There has been no doubt in my mind for a long time that homeopathy is total bunk. For it to work as it’s supposed to several laws of physics must be violated and our understanding of the human immune system thrown out the window. I have no issue with people self-prescribing these things however the fact that many practitioners advocate their remedies in favour of actual medicine is what draws my ire. Thankfully the Australian government has begun to show an intolerance for such charlantry and recently commissioned a review of the research done on homeopathy. The results are, unsurprisingly, not in homeopathy’s favour finding that in their review of the literature that it is no more effective than a placebo for a total of 68 illnesses.
The study was conducted by the National Health and Medical Research Council, Australia’s peak funding body for medical research that oversees some $700 million in funding per year. Their study included materials from 57 systemic reviews which covered some 176 individual studies. Additionally information that was submitted directly to the NHMRC through its public consultation phase was also included. Studies were only concluded if they were well designed (done by comparing them to international standards for conducting such trials) and placebo controlled. The results showed that, for all well designed and properly controlled studies, there was no evidence to suggest that homeopathy was any more effective than a placebo was. Indeed the only positive results were found in studies of poor quality and design which would likely have led to spurious results that were not supported by data. For the remaining studies there was simply not evidence to make a conclusion one way or the other.
Whilst these results are unsurprising it does beg the question about the regulation of things such as this. Australians spend some $10 million a year on these remedies a figure that continues to climb every year. However the body of evidence is so strong against them that it begs the question about whether they should be sold at all. I think they get a pass since they really have no potential to cause harm in and of themselves however it’s the abstinence from proper medicine that has the real potential to cause harm. So potentially we need to regulate against the practitioners rather than the remedies themselves.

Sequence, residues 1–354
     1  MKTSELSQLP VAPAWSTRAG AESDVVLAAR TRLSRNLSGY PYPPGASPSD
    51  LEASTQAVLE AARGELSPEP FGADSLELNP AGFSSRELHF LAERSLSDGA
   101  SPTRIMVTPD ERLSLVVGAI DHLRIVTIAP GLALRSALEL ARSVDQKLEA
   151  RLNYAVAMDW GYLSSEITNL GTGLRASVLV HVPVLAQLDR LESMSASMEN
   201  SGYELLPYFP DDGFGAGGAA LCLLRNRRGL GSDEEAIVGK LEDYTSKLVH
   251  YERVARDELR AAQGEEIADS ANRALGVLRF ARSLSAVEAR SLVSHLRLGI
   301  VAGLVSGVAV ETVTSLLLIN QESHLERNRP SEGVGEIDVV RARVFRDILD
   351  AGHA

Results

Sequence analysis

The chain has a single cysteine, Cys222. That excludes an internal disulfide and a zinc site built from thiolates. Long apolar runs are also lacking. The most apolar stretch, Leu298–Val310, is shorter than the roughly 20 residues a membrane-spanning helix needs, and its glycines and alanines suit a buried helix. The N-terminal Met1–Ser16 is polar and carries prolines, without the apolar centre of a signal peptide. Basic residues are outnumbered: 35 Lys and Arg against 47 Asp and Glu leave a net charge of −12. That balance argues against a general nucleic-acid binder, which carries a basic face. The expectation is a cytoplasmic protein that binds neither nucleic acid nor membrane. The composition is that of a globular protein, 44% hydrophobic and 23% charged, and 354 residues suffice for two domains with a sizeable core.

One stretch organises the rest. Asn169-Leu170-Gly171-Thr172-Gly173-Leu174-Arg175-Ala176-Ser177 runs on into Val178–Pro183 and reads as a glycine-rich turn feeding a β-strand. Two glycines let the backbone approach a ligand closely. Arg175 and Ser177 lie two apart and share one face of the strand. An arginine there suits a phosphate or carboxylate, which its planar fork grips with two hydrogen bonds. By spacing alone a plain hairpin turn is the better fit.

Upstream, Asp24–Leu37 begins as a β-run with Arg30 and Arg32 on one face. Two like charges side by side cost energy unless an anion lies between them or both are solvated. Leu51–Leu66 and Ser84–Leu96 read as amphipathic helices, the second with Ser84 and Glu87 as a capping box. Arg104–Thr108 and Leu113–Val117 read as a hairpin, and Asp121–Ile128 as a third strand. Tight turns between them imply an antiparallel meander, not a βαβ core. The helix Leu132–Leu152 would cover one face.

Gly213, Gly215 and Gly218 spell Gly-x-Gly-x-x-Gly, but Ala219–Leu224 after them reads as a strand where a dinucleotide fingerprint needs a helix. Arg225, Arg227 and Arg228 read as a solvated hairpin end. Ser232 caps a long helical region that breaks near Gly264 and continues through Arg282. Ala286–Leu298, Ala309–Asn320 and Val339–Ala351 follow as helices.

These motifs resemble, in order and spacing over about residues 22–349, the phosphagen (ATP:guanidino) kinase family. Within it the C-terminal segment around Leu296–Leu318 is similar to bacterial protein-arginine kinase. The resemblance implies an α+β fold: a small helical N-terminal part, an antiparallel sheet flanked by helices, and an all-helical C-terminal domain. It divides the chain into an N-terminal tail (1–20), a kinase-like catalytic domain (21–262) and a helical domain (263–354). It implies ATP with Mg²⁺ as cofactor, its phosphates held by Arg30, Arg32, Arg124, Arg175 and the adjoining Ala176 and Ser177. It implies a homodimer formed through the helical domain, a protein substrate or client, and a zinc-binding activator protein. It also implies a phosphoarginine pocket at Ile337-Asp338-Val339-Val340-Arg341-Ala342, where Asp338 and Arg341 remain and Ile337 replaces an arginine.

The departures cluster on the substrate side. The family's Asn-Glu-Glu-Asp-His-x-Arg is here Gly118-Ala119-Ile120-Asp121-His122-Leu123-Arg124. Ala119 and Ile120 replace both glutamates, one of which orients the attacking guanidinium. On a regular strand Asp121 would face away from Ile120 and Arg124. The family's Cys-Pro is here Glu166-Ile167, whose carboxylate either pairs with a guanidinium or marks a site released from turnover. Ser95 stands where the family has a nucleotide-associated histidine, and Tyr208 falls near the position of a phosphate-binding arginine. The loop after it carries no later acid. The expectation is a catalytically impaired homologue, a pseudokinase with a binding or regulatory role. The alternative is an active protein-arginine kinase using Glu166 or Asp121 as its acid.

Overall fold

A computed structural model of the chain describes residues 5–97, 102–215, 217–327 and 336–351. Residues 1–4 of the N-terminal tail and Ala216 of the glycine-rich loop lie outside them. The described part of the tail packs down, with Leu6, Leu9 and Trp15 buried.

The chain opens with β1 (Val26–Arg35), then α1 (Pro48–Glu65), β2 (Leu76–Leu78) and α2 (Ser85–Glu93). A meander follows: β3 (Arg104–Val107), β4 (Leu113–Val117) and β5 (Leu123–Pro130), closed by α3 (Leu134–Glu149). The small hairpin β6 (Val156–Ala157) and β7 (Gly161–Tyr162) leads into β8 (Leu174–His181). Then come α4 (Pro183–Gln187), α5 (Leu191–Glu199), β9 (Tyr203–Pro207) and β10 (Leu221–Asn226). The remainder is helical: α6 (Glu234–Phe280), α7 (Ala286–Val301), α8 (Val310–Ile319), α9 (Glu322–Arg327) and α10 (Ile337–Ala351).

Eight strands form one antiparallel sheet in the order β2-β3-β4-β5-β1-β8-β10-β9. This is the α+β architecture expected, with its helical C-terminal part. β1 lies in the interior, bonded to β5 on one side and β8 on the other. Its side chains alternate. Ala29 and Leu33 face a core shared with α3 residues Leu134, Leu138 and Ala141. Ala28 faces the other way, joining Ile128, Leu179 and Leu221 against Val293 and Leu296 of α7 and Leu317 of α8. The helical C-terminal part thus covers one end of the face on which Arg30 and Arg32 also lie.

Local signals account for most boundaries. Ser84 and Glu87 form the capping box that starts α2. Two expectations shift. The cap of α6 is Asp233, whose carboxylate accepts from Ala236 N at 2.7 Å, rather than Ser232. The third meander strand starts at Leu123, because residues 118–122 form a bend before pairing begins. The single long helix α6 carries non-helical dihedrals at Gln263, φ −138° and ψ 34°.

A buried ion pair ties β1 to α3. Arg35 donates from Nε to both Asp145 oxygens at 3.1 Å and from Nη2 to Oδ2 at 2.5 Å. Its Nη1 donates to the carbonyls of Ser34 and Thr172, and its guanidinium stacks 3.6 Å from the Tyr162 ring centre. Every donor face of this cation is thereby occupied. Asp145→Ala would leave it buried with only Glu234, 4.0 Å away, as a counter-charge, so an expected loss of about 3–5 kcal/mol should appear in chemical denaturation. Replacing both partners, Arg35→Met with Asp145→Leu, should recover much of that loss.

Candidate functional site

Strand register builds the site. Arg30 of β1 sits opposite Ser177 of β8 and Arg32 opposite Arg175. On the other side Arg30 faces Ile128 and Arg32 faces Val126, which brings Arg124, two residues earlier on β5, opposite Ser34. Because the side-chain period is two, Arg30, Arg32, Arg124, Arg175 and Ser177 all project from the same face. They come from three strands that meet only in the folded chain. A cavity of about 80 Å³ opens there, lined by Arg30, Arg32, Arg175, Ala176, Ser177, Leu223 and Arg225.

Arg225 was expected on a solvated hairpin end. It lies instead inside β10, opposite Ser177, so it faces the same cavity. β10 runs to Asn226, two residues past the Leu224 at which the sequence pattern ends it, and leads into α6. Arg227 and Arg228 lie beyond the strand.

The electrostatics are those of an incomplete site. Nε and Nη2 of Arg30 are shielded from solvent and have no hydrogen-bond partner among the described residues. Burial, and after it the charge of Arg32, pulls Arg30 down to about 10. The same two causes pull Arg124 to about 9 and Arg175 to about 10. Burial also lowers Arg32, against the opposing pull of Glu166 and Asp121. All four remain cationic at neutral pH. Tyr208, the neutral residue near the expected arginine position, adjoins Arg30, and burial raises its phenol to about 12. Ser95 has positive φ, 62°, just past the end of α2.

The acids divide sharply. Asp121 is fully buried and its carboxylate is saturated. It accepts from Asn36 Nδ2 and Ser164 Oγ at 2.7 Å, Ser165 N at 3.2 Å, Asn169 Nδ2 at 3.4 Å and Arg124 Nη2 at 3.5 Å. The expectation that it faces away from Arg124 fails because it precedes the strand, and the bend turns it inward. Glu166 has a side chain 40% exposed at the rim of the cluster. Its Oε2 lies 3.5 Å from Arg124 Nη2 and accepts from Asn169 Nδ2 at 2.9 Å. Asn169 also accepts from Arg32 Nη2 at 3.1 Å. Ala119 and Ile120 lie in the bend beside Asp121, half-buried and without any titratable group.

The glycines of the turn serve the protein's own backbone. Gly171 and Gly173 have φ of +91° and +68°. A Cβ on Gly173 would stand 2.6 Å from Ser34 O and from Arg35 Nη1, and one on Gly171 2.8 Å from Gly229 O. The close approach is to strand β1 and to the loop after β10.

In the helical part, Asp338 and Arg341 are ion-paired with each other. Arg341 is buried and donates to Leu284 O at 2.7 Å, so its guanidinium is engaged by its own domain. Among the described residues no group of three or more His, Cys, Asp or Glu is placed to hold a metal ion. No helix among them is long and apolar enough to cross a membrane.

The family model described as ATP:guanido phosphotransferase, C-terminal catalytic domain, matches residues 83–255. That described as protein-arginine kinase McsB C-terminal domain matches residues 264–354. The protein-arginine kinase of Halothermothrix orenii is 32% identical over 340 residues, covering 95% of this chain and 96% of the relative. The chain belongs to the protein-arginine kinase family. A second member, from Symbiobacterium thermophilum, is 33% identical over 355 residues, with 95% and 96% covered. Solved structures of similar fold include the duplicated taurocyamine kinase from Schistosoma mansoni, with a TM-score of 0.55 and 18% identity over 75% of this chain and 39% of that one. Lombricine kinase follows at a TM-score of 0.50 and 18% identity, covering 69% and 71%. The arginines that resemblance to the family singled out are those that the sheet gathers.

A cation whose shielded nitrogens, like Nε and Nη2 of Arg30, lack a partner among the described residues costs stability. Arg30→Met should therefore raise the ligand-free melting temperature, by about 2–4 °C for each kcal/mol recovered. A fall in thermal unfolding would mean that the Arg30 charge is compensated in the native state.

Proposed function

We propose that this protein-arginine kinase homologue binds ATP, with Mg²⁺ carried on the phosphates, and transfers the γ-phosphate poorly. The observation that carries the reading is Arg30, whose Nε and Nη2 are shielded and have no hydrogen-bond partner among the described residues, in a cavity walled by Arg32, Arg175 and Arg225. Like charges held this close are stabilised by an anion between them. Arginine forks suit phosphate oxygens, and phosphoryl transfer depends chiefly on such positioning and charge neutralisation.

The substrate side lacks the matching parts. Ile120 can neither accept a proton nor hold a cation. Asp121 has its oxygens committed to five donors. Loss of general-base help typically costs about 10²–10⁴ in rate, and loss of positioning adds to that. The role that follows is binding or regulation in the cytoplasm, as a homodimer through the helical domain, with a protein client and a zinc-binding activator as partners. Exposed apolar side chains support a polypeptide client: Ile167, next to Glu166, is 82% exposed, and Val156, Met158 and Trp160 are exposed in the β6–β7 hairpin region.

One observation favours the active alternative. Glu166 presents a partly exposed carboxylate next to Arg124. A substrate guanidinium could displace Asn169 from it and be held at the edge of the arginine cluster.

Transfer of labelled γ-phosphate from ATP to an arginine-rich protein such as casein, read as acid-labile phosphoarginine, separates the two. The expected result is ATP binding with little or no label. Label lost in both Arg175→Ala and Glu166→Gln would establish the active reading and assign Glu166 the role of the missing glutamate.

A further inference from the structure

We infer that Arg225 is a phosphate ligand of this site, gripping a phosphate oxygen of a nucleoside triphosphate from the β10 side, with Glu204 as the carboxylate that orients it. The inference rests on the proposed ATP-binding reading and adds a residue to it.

It feels like beating a dead horse at this point but the fact that homeopathy is still around, and becoming more popular, shows that research like this is needed. I know it won’t convince everyone but hopefully those who are on the fence about it will be convinced that homeopathy is total bunk.
Most of the time with alternative medicine I take the stance that as long as you’re not hurting anyone else and it works for you then you’re free to do whatever the heck you want. I do this as I’ve been in more than a couple situations where I’ve caused serious offence to people when I’ve started heavily questioning their beliefs and I’m not the kind of person who takes joy in getting people angry at me. Thankfully its pretty much a non-issue for the company I regularly keep as we’re all well aware of what topics are potential minefields for arguments that’ll lead down a rabbit hole from which no winner will ever emerge.
However I have in the past made my stance known on several pseudo-science issues before and I’m saddling up to do so again. This time I’ve got my sights set on homeopathy because it seems to be the last little bastion of woo I’ve yet to tackle seriously.
I haven’t really had much to do with homeopathy since I firs heard about it 5 years or so ago but I can remember clearly reading up on it to figure out what it was. Whilst at first I was intrigued by the notion that dilution increase potency (because anything that posits something that crazy has to have some fun stuff backing it up) when I read about the actual process required to prepare homeopathic remedies I instantly twigged that it was nothing more than water and any effects people were ascribing to it were just a simple function of the placebo effect. Surely, I thought, given enough time people would come to realise this and the movement would fade back into the obscurity from whence it came and I’d never hear about it again.
It would never be that simple, of course.
Cue my honeymoon trip to Turtle Island off the northern coast of Fiji. The beautiful temperate weather dulling the more harsh sides of personality with the great food and plentiful booze ensuring that I was in no mood to go on a sceptical rampage. What else would happen but a conversation about homeopathic remedies where a surgeon was looking for something to ease his nagging shoulder injuries. I fobbed it off, enduring the conversation for as long as it lasted, and instead focused my attention to other, more pleasurable endeavours (read: the booze). Thankfully it seemed that the only people that really believed in it were a singular couple as the surgeon friend said it did nothing for him.
I guess the point I’m trying to make here is that factually we can’t put any more faith in homeopathy than we do in sugar pills. The research clearly shows that homeopathy is ineffectual in treating the ailments it claims to be able to and any effect is simply the placebo effect in action. If a remedy seems to work for you fine but don’t let me catch you trying to peddle that nonsense to anyone else as you’re far more likely to do someone harm than any amount of good. If the treatment is as good as you think it is then they will find it on their own and I have no problems with consenting adults putting whatever rubbish they want into their bodies (just not other people’s bodies).